Eugene Chudnovsky Fights to Keep Free Thinking Scientists Free

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The American Physical Society (APS) has awarded Lehman Distinguished Professor of Physics Eugene Chudnovsky its 2024 Andrei Sakharov Prize, which recognizes APS Fellows for their leadership and efforts to uphold human rights.

In its announcement, the APS cited Chudnovsky’s “decades of leadership of prominent campaigns on behalf of oppressed scientists, including chairmanship of the APS and New York Academy of Sciences human rights committees and co-chairing of the Committee of Concerned Scientists."

Chudnovsky immigrated from the Soviet Union in 1987 and joined CUNY in 1988. His human rights work arose directly from his experience as a dissident in the U.S.S.R. He has said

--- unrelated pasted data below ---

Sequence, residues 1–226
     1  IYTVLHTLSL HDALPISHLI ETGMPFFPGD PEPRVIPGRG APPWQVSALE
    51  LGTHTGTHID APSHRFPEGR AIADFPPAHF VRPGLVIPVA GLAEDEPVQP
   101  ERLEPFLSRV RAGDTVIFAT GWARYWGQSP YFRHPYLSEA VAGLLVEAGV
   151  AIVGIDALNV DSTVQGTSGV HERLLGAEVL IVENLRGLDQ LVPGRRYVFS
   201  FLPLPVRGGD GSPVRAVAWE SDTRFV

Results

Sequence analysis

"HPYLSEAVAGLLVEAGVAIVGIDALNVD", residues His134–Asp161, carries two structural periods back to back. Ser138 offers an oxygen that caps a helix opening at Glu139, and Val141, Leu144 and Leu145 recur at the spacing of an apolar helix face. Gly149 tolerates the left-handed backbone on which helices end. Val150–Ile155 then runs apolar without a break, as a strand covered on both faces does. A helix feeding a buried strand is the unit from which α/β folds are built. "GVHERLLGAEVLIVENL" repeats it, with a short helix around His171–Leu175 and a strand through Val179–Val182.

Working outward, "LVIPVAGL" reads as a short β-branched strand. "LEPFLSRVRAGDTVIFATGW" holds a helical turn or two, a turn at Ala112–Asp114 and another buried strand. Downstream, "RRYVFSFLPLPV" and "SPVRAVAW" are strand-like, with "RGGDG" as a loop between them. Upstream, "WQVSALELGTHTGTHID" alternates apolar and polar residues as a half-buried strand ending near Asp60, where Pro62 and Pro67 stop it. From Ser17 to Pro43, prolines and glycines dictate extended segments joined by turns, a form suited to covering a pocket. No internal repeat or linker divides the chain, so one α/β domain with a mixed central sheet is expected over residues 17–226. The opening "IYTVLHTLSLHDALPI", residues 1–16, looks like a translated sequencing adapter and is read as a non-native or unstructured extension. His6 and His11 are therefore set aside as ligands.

that scientists are often targeted by repressive regimes because they are free thinkers: the very nature of their work requires scientists—especially physicists—to question our understanding of the world.  “There are a disproportionate number of physicists in prison,” he said.

“Contributing to the effort to help unfairly imprisoned scientists has long been a part of my life,” he said. “In some way, I feel awkward about receiving a prize for the work that gives me enormous satisfaction. It is a great honor to see Sakharov’s and my name appear in one sentence and to be a recipient of the prize awarded in the past to human rights defenders like the late Yuri Orlov, who spent years in a Russian GULAG, and Narges Mohammadi of Iran, who received the Nobel Peace Prize last month.” 

The prize includes $10,000, which Chudnovsky said he will donate to the Committee of Concerned Scientists.